by Buddy Pearson Herald Citizen 06.18.11 – 09:00 pm (online edition)
COOKEVILLE — Bobby Greenwood has been giving golf lessons almost all his life. His knowledge and experience of the game crafted from an outstanding amateur and professional career has helped people play better golf. At the age of 72, Greenwood still gives golf lessons although he concentrates mainly on teaching one very important pupil — his 12-year-old daughter Viola.
“I have a great teacher. Dad is a great teacher and, plus, we have a lot of fun,” said Viola. “It’s good to enjoy something you do.”
Viola couldn’t have a more qualified teacher. Greenwood was a 3-time NCAA All-American at the University of North Texas during an incredible amateur career which saw him best players such as Jack Nicklaus and Byron Nelson in match play events. After turning pro, Greenwood spent seven years on the PGA Tour, winning the 1970 Rhode Island Open and taking on the likes of Johnny Miller, Lee Trevino and Arnold Palmer. He captured more than 150 amateur and pro tournaments and has been elected to the Riverside Military Academy, North Texas Athletic and Tennessee Golf Hall of Fames.
“Actually, I kind of in a way, hoped she wouldn’t play golf because I know how tough the game is,” confessed Greenwood. “It’s a lonely game. It’s the most difficult of all games to play correctly. I was wanting her to get into the team sports.”
Viola has tried her hand at team sports, excelling in local youth soccer and softball leagues. But being around a legendary golfer on a daily basis gave her the notion to want to play.
“Viola is a good athlete,” said Greenwood. “She played soccer and softball. She could play basketball if she wanted. She has responded well and she still has a long way to go.”
Viola has just started getting serious about hitting the links this year. She has been practicing hard and learning the game from one of the best ball-strikers to ever tee it up in the state of Tennessee.
“The secret is we don’t have any preconceived goals,” Greenwood explained. “We are just out there having fun and seeing what happens. If she is good enough to become a pretty good player then it will happen. If she’s not, then we won’t force it. We are just having fun and introducing her to the game.”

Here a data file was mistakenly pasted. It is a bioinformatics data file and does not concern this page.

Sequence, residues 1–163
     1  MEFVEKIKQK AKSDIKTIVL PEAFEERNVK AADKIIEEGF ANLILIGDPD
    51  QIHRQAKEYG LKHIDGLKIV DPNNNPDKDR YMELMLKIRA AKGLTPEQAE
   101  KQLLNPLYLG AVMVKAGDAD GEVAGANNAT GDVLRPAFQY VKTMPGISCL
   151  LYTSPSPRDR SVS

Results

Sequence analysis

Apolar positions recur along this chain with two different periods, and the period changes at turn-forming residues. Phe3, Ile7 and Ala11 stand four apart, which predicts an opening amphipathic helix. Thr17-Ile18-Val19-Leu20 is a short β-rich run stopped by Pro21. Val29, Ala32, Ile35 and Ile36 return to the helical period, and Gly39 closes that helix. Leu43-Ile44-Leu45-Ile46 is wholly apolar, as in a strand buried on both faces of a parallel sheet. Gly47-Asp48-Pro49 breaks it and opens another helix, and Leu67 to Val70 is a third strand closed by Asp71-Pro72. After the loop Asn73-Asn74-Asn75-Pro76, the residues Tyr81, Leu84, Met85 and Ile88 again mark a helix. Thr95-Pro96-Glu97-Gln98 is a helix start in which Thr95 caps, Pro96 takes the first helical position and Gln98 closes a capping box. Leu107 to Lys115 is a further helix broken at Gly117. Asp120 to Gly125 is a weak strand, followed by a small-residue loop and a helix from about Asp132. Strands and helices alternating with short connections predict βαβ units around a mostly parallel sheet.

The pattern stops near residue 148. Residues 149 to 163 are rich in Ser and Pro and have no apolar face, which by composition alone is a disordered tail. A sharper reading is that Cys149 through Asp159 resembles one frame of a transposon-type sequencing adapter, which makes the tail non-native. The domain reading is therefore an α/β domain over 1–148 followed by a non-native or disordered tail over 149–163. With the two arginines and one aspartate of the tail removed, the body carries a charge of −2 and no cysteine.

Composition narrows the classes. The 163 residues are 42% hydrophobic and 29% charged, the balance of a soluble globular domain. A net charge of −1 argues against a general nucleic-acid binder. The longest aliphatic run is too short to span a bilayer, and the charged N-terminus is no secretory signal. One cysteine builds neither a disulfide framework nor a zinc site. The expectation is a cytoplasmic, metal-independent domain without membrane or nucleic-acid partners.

Having a golf professional for a dad has done more than just show Viola how to hit a golf ball. Greenwood and his wife Elma have been able to take Viola to different courses and tournaments around the country that have special meaning. Greenwood has taken his family to the Masters and to the Player’s Championship at TPC Sawgrass where he was the head pro. They have gone to Berumuda to the Grand Slam of Golf. All of these experiences has introduced Viola to Greenwood’s past as well as opened the door to meeting some of the top players on the PGA Tour today.
“It’s a great experience and I’m pretty lucky to get to go to great famous golf courses and it is helping me learn,” Viola said. “Watching people helps.”
Watching Greenwood give golf lessons to other people has also helped Viola improve her game. She has become a student of the game, getting a daily dose of golf from her loving dad.
“It is a hard game. He says it takes five years to learn the game so I think I’m on the right track,” Viola said. “I’m learning slowly but surely.”
While Greenwood shares his advice and expertise on golf, he also shares stories of his glorious past with his daughter. That’s something she cherishes as much as how to swing a club.
“I love hearing his stories,” said Viola. “I’m pretty proud of him.”
Greenwood is equally proud of his well-mannered and talented daughter. The two of them recently teamed up in their first-ever tournament, competing in the Kiwanis Cookeville Children’s Museum Adult Youth Golf Scramble at White Plains. The Greenwoods finished second in their flight but came out winners as far as having fun and enjoying the experience goes.
“The first tournament being able to play with my dad was really fun,” said Viola. “It was a really great experience.”
“It was a great tournament and we had a great time,” added Greenwood. “It was something I will never forget.”
Greenwood looks to continue teaching his daughter about golf and sharing his knowledge and experience with her, hoping that’s something she will never forget.
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